Setting the Master Page of a Team Site with a Feature

Team sites don’t have the Publishing features of MOSS enabled by default, and for WSS systems, well, you don’t have them to enable. Consequently, if you deploy a master page as a feature, you’ll have a bit of fun setting it as the master page.

You can do this though SharePoint Designer, but it’s possible you don’t want your Site owners to have SharePoint Designer, or maybe you just don’t want the hassle of the second step when you provide the master page for a site. Instead, it is possible to set the Master Page through code, and to fire this using a Feature Receiver. This features shows just that – setting the master page through code. Note that to install it, you might well need to make some changes to install.bat. Continue reading “Setting the Master Page of a Team Site with a Feature”

Setting the Master Page of a Team Site with a Feature

Error: "RootWebOnly='FALSE'" is True…

I wrote a feature to deploy a couple of pages into a Pages library on a site. The idea was that these were search pages, and they’d be going into a Search Center. My feature had an Elements manifest of:

<?xml version="1.0" encoding="utf-8"?>
<Elements xmlns="http://schemas.microsoft.com/sharepoint/">
<Module Name="CustomSearchPages" Url="Pages" RootWebOnly="FALSE" Path="Pages">
<File Url="advanced.aspx" IgnoreIfAlreadyExists="TRUE" Type="GhostableInLibrary">
</File>
<File Url="contentresults.aspx" IgnoreIfAlreadyExists="TRUE" Type="GhostableInLibrary">
</File>
</Module>
</Elements>

Yet when I activated this on my Search Center, the pages weren’t installed. This was weird, ‘cos I’d done nearly exactly the same thing to install my custom Master page. I began swapping bits of the Master Page feature into my Search Pages feature to see if they worked, which at first they didn’t. Then, by accident, I tried installing my Search Pages on my root site, and they did install.

Interesting.

There followed a bit of wild, stab-in-the-dark guessing. I’d seen lots of examples of installing new page layouts, or installing new master pages. These should all go in the root site (or ‘root web’), and so their Module node would specify RootWebOnly="TRUE". I could find very few results, though, where RootWebOnly="FALSE", which is a little unusual on Google. What if the thing that made a module only install on a root site was the presence of a RootWebOnly attribute, rather than the value of it? I tried:

<Module Name="CustomSearchPages" Url="Pages" Path="Pages">

for my module tag. Well, that’s what it turned out to be. I removed the RootWebOnly="FALSE" attribute, and suddenly my pages would install. I guess I was stupid for trying to be explicit in saying that this feature was not only for the root site. I’ve gotta be honest, that sucks, and it wasted me 4 hours. Clearly, it shouldn’t just be the presence of the attribute; by setting it to False I was saying specifically that the feature was not for root sites only. Someone was shoddy in their processing of the XML.

Error: "RootWebOnly='FALSE'" is True…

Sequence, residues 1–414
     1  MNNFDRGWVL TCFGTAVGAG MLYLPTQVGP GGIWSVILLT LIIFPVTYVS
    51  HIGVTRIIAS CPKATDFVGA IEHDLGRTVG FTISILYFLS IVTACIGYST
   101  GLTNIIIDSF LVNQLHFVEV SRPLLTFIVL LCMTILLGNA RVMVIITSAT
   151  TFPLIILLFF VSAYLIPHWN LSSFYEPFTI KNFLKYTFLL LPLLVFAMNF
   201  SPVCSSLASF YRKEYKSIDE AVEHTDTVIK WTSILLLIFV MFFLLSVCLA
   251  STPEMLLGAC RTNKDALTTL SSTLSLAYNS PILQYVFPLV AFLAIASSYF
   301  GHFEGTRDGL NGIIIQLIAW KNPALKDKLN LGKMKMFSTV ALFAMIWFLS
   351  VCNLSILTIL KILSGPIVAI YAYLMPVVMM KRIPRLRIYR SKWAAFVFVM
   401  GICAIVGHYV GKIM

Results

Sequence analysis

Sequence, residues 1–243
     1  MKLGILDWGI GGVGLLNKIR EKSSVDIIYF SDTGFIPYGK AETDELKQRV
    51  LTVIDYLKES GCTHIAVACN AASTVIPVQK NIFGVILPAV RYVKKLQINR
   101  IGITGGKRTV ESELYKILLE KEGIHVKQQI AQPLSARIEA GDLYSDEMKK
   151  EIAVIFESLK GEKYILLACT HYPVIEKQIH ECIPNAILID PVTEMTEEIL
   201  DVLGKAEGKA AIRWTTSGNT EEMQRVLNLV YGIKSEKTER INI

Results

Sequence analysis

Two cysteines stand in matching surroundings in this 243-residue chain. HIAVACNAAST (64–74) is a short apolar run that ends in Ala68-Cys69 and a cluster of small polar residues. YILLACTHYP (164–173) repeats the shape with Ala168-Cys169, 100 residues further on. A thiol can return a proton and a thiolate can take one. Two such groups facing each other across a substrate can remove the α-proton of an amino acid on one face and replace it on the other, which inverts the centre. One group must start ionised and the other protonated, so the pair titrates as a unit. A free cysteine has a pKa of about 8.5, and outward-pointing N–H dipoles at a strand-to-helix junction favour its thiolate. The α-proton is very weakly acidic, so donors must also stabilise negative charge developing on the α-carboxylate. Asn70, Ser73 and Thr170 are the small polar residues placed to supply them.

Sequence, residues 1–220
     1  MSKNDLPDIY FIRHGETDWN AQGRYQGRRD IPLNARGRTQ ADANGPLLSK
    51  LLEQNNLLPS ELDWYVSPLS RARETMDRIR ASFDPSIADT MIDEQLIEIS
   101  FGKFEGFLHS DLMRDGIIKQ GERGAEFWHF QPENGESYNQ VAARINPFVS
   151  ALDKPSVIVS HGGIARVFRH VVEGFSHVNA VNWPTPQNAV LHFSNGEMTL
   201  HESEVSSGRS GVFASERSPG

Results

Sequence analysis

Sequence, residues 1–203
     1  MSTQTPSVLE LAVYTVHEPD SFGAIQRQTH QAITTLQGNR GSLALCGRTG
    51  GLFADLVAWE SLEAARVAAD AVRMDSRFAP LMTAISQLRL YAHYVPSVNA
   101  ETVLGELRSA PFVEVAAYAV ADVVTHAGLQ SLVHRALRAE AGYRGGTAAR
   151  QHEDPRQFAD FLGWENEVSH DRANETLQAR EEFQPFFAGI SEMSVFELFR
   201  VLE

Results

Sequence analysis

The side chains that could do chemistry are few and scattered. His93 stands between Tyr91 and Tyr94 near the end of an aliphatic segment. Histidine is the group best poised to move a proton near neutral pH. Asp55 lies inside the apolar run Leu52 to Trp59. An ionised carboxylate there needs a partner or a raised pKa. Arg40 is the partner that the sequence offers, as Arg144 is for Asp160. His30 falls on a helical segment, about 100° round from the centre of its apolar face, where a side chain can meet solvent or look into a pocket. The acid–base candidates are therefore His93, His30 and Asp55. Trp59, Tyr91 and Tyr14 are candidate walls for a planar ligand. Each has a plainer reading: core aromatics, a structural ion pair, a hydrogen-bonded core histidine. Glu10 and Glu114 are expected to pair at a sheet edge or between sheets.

Deploy a SharePoint Master Page as a Feature

SharePoint master pages are sort of designed to be created in SharePoint Designer. This isn’t much good, though, if you want to redeploy a master page to another or multiple systems. Also, a master page that has been created in SharePoint designer is “Customized” – that is, it is stored in the database rather than as a file on the file system. This makes it a bit slower.

What I wanted to be able to do for a customer was to create a SharePoint feature that would deploy all my physical files, and in such a way that they weren’t customised. Well, I think I’ve done that.

I pretty much followed the gist of this blog entry by Chris O’Brien (his blog is excellent and well worth a read).

You can also get a feel for it by examining the PublishingLayouts feature that comes standard in MOSS. That feature deploys all of the OOB master pages, etc..

In short, the approach is:

  • Create design in SharePoint Designer
  • Copy and paste master page code to a new aspx file in your feature, with the same name as the file in SharePoint Designer. (Do not just save the file in SharePoint Designer to the file system. It mucks up the links. Copy and Paste the code – just as Chris says to. Guess who forgot?)
  • Save all other relevant files to the your feature.
  • Create the Feature.xml file
  • Create the Elements manifest file. Note that the XML is case sensitive, and the case used in the blog entry above is wrong.
  • Make sure that the permissions on the feature folder are correct and inherited by child files and folders.
  • Run “stsadm -o installfeature -name featurename”
  • Activate feature at site or sitecollection level.

Attached is an example feature that installs a (rubbish) master page I’ve created called ‘Cairngorm’. To install it:

  • Unzip the archive
  • Copy the CairngormMaster folder to your Features folder in 12 Hive
  • Check its permissions
  • Run
    stsadm -o installfeature -name CairngormMaster
  • Go to the Site Collection Features page, and activate it.

You should now find that you can select the ‘Cairngorm’ master page from the ‘Site Settings > Master Pages’ page. Select it for your master pages, and you should find your pages go a bit black and orange! You can get the dodgy design I came up with here, but please just use as an example – it looks bleedin’ awful.

Deploy a SharePoint Master Page as a Feature